Mon, Jun 17, 2019 - Page 6 News List

A plot to gut Hong Kong could be in play

By Chen Chih-ko 陳止戈

Totalitarian dictatorships rely on two main tricks: eliminating people by killing them; and erasing household registrations and seizing property and assets. Chinese emperors throughout history have excelled at these tricks. Confiscating a high-ranking official’s assets yields many years’ worth of imperial wealth.

One well-known example is emperor Jiaqing (嘉慶) of the Qing Dynasty, who contrived the downfall of courtier Heshen (和珅), thereby enriching the throne.

The Chinese Communist Party (CCP) has learned these tricks only too well. The violent clashes over Hong Kong’s extradition law are perhaps but a prelude to a bigger plot to gut Hong Kong.

“Emptying the cage for new birds” was Chinese People’s Political Consultative Conference National Committee Chairman Wang Yang’s (汪洋) slogan when he ran Guangdong Province.

Ostensibly, the policy aimed to balance regional development and encourage businesses on the southeastern coast to turn to developing the northwest of the province. The prime land and factory locations made vacant by “emptying the cage” became money-spinners for the CCP, providing an unlimited budget to maintain stability.

China’s plan for the Greater Bay Area tightly penned in Hong Kong, and now Beijing is playing its trump card, using the proposed extradition law as an excuse to force rich Hong Kongers to move away. Once the cage is empty, it will be filled with corrupt, money-laundering officials and be used to feed the privileged.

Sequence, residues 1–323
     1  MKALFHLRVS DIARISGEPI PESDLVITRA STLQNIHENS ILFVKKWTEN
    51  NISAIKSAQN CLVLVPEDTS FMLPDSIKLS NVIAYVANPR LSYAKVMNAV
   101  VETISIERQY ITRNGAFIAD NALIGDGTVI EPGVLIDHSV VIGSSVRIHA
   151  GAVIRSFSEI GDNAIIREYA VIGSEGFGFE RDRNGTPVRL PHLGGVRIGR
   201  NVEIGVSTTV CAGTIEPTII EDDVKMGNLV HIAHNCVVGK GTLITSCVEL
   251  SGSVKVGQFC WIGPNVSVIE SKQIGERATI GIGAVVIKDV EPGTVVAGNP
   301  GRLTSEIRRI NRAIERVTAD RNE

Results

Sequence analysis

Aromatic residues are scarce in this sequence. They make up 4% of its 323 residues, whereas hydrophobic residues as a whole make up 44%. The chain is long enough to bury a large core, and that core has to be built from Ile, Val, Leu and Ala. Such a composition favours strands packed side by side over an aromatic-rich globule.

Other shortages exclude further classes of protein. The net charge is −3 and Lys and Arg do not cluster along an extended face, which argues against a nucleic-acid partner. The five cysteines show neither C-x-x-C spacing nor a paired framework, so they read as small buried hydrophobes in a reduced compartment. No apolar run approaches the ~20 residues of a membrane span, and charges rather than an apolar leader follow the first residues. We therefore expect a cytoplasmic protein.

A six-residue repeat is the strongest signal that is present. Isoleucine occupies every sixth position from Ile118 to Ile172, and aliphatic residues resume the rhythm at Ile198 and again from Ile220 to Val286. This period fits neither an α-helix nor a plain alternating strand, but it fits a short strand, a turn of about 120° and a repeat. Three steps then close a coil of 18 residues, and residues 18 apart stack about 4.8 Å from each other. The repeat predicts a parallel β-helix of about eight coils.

Apart from stabbing Hong Kongers — and Taiwanese — in the back, the most terrible aspect of the extradition law is that it can be used to confiscate a person’s property and assets. No wonder Hong Kong billionaire Joseph Lau’s (劉鑾雄) first thought was to leave Hong Kong.

Many people think China fears a possible economic slump in Hong Kong, while others plan to emigrate.

This might be exactly what China wants: Since the 1997 handover, China has strategically allowed 150 Chinese per day to immigrate to the territory. Today, 1.5 million Chinese have been mixed into the Hong Kong population, which now stands at more than 7 million, squeezed like sardines into a tiny place, using up public facilities, medical and educational resources.

When even breathing is difficult for the young generation, how can there be any hope for human rights?

With tiny Hong Kong so close to huge China, any attempt to defend against these developments by referring to the “one country, two systems” fig leaf is futile.

Taiwan, the next target, should make an all-out effort to support Hong Kong as it too could share the same future, but politicians like Kaohsiung Mayor Han Kuo-yu (韓國瑜) and Taipei Mayor Ko Wen-je (柯文哲) are afraid to speak up.

With more than 1,000 US businesses and 85,000 Americans in Hong Kong, the fall of the territory would certainly harm the US’ interests. Perhaps US President Donald Trump is their last hope.

When the US-China trade dispute was at its most intense, Chinese President Xi Jinping (習近平) went to Russia to be comforted by Russian President Vladimir Putin, hoping to form an alliance with him.

Seeing Xi and Putin sharpening their axes, Trump threatened to “immediately” impose more tariffs unless Xi attended the G20 summit. Giving rogues a taste of their own medicine is not necessarily a bad idea.

Taiwan’s risk exposure to Hong Kong in the financial sector amounts to NT$1 trillion (US$31.7 billion). Has everyone made adequate preparations before the storm?

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